What They Say Isn't Always What They Mean

Essay by has27University, Bachelor'sB+, March 2004

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I read an article entitled "She says "Back Off Mom!" She Means "I Need You." Dr. Nancy Snyderman, who is in late 40's and rasing two teenage daughters, talks about the struggles and perils of teenage life. She not only describes their turmoil, but hers as well.

Moments with her daughters lead to flashbacks of her own childhood. Her mother was so young compared to her. Dr. Nancy would have never thought for a moment not to do her homework or to pick a fight with her mother. She just simply followed her parents rules. How ironic. Today, she can't even get her own daughters to hear her, let alone listen.

Adolescent years are difficult for both the children and the parents. One day it seems your drying their tears and the next you are crying your own. Loving children now don't want touched. Confident little girls turn into sullen teens.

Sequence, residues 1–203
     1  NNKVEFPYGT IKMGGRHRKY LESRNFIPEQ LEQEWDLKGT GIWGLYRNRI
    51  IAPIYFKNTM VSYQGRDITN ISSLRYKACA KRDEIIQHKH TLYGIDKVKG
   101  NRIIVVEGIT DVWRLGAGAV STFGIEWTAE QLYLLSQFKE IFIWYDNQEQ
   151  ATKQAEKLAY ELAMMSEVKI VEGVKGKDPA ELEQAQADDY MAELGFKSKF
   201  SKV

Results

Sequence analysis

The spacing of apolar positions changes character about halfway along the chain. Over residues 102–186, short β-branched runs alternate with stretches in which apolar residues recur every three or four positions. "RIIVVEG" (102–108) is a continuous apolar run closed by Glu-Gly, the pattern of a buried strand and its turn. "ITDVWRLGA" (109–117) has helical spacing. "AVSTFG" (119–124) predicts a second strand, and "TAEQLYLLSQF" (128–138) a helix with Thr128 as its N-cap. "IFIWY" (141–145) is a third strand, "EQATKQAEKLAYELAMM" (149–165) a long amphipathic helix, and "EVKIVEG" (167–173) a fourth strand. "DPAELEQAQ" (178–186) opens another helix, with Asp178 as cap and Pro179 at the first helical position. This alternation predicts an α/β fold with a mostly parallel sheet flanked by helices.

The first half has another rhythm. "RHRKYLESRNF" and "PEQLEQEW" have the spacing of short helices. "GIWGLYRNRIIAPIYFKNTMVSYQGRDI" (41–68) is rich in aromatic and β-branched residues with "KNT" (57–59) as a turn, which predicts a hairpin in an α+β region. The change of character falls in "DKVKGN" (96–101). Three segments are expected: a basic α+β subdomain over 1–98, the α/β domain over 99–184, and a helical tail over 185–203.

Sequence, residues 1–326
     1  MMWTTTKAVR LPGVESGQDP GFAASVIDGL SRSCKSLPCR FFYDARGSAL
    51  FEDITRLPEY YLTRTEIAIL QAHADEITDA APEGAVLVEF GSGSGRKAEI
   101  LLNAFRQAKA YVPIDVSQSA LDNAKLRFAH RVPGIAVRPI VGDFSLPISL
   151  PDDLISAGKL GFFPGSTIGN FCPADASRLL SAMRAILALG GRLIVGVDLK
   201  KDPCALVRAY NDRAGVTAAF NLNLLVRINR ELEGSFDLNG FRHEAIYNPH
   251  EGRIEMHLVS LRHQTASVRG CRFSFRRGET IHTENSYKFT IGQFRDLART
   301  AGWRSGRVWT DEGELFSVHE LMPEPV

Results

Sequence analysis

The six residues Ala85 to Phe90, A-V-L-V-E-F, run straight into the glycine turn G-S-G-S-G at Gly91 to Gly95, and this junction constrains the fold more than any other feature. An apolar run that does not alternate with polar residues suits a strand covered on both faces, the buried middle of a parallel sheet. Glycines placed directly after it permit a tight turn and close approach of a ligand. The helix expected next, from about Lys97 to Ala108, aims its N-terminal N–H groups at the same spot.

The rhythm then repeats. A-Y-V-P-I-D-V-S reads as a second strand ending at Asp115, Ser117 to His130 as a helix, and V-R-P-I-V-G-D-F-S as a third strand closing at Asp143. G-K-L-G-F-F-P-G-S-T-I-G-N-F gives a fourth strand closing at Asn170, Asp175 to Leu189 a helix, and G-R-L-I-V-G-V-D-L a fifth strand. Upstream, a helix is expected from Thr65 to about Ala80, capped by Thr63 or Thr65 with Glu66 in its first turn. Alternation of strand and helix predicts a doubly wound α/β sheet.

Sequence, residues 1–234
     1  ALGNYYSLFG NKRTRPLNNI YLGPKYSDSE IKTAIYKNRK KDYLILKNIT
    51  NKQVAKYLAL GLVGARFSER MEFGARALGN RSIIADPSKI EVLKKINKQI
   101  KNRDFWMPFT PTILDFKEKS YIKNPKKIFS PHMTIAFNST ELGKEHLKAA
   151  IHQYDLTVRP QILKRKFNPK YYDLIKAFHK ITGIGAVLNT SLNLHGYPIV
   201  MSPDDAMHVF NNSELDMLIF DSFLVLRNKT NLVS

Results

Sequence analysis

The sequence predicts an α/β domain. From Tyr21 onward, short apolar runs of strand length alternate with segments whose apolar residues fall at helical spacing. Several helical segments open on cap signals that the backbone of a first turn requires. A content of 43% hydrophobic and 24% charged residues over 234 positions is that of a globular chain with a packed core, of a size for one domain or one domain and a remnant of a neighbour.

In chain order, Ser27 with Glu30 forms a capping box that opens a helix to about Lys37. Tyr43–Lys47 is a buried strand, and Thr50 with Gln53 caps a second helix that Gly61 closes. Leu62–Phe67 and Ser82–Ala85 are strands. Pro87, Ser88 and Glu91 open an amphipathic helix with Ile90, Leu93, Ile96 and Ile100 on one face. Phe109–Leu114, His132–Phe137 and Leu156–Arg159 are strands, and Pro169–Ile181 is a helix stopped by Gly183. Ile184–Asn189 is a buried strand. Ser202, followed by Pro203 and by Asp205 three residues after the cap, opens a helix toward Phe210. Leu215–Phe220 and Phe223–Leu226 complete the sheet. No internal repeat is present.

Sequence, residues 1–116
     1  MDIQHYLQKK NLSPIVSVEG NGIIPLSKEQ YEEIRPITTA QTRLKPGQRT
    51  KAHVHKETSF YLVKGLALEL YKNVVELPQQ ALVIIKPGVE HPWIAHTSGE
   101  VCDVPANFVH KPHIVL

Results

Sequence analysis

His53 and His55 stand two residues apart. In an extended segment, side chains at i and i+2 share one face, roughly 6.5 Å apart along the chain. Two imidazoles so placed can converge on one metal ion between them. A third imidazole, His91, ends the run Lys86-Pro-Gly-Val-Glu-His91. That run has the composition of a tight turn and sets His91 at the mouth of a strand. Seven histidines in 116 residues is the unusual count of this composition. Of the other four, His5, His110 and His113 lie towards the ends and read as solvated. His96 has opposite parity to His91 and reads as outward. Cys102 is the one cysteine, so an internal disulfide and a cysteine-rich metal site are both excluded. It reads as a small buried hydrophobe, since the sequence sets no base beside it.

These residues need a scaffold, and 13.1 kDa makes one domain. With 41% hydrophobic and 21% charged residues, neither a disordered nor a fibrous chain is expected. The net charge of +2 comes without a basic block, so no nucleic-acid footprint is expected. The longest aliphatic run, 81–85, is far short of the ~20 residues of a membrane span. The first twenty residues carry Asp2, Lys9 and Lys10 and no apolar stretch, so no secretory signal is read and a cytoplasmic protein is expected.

Their childlike faces are now just turned into shells.

Study after study has found that adolescent daughters need their parents more than ever now. It is just in different way than when they were 5 or 6. The shifting of gears is the hardest part. Even though teens have a stereotype of being angry and rejecting, there is still a great amount of vulnerability hidden underneath the surface.

The teenage rebel without a cause is obsessed with friend that lead them astray determine to spend as little time as possible with their parents. Of course, they are at the mercy of their raging hormones, too. Our culture teaches us to get ready for the inevitable-a hurricane of spouting hormones and pent up hostility.

Some mothers try to cope by wanting to be their teenage daughter's buddy. Many teenagers don't want or need another buddy, especially one...